Canadian woman's family doesn't let coronavirus spoil 85th birthday, give social distance surprise

This family in Canada wasn't going to let the coronavirus pandemic stop them from celebrating their loved one's special day.

Helen Lambing's family gathered outside her retirement home in Windsor, Ontario last Sunday to wish her a happy 85th birthday after the facility shut down the building to non-essential visitors due to the COVID-19 pandemic.

The facility had implemented social distancing precautions to prevent the spread of the virus.

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Video posted to the retirement home's Facebook page shows a group of people — holding balloons and a birthday sign — standing on the lawn and singing “Happy Birthday” to Lambing outside the Shoreview at Riverside complex.

Helen Lambing's family gathered outside her retirement home in Windsor, Ontario last Sunday to wish her a happy 85th birthday.

Helen Lambing's family gathered outside her retirement home in Windsor, Ontario last Sunday to wish her a happy 85th birthday. (Fallon Chadwick via Storyful)

"Although they could not visit with her they definitely made her feel so special!!" the facility said in a Facebook post.

Lambing, who has lived at the retirement home for about a year, told the Toronto Star a worker had told her to go to the window “and they started all waving and I waved back."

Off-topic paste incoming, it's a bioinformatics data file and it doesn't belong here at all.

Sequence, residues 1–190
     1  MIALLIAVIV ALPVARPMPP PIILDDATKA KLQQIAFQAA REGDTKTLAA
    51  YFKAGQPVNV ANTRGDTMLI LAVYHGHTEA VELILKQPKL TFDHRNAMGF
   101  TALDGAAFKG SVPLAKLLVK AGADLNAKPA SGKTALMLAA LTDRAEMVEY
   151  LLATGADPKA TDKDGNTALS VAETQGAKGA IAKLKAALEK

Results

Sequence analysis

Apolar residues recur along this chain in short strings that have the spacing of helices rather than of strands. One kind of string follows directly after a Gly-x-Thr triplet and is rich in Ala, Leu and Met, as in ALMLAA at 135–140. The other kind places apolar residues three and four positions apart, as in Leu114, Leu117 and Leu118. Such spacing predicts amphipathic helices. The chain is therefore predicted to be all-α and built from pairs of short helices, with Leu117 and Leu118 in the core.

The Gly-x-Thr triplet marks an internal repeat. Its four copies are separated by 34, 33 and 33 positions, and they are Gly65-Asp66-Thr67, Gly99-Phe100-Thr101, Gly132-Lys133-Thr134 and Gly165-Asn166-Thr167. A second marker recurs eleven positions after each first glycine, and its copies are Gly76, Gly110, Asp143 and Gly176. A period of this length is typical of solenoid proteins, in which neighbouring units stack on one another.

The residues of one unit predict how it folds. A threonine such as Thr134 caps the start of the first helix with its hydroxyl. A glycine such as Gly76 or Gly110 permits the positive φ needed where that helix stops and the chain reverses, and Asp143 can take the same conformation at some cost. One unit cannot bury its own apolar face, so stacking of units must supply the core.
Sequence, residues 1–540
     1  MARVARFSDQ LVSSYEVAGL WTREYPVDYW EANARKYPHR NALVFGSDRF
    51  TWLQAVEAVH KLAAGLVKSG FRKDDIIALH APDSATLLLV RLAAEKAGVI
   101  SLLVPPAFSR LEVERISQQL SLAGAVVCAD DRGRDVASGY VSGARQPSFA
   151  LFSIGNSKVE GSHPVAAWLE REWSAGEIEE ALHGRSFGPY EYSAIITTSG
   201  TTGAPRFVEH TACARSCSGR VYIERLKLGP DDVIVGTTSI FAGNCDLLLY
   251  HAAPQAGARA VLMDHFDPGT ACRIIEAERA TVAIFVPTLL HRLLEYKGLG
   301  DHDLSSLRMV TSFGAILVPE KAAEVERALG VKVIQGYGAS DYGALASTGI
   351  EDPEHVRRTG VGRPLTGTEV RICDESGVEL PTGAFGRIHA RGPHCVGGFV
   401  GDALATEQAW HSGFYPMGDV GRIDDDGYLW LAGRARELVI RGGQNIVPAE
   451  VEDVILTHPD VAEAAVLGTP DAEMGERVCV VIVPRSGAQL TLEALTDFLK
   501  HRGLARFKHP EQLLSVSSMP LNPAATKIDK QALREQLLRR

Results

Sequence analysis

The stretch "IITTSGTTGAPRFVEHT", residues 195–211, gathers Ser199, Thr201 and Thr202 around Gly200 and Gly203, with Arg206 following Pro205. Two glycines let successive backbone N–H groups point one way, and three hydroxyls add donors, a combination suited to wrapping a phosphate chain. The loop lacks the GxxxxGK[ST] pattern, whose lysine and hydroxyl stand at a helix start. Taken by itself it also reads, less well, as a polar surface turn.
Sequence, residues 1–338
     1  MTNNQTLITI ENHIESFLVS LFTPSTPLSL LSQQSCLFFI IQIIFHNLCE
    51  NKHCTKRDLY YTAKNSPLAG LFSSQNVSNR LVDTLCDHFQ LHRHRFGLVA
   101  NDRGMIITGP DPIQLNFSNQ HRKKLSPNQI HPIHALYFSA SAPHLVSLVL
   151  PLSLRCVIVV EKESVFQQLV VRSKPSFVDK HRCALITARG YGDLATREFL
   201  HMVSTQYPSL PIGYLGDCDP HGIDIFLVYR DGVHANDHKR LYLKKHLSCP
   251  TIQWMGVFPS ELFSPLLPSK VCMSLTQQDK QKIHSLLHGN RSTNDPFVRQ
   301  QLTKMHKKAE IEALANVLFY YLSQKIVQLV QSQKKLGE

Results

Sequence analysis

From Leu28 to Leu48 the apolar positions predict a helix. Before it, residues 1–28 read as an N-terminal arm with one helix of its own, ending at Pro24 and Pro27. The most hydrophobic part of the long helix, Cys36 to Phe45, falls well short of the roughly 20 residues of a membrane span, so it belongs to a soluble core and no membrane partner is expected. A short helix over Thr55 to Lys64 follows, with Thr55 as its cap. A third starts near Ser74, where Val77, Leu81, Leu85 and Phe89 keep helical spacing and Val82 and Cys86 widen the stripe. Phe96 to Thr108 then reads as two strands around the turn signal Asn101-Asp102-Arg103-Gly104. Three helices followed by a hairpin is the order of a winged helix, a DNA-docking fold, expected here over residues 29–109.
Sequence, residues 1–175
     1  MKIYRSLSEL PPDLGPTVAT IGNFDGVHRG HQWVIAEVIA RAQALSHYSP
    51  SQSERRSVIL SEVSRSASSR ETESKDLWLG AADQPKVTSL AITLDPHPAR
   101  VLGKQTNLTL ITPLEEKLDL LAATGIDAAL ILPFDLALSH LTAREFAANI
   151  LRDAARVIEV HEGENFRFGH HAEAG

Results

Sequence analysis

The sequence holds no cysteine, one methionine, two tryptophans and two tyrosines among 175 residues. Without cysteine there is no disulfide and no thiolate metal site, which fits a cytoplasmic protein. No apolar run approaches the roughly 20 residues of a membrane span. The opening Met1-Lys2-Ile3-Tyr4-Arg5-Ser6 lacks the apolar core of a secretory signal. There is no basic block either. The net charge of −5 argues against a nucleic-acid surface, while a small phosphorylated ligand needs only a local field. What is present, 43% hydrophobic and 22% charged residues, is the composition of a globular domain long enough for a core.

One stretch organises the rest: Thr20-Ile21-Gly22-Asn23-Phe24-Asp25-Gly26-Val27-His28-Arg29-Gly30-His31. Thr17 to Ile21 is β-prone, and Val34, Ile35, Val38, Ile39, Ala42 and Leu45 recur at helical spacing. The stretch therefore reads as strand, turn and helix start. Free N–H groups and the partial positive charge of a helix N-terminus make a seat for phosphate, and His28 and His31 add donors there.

“I was really excited and surprised," Lambing told the Star. "I was so happy to see them.”

Her four daughters and two of her eight grandchildren all participated in the remote birthday party.

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As of Monday afternoon, Canada had at least 1,482 confirmed COVID-19 cases and four deaths according to a tally by Johns Hopkins University. There are at least 21 deaths reported in the country.

Canadian Prime Minister Justin Trudeau said Monday that "enough is enough. Go home and stay home," adding that government will enforce it if necessary.

Trudeau, who made the comments outside his residence while in self-isolation after his wife tested positive for the virus, said he would rather not enforce it but added those who are not doing their part are putting at risk everyone else, including the eventual recovery of the economy and the well being of millions of Canadians.

He said images of people out enjoying the sunshine in large groups is “extremely concerning.”

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The Canadian leader said the decision by the Canadian Olympic Committee to not send athletes to the Tokyo Olympics unless they're postponed for a year is clearly the right decision.

In response to a letter by an 8-year-old boy last week, Trudeau said his wife Sophie "feels better" and that officials are "working super hard to slow down the spread of COVID-19 and keep you, your grandparents, and all Canadians safe."

The Associated Press contributed to this report.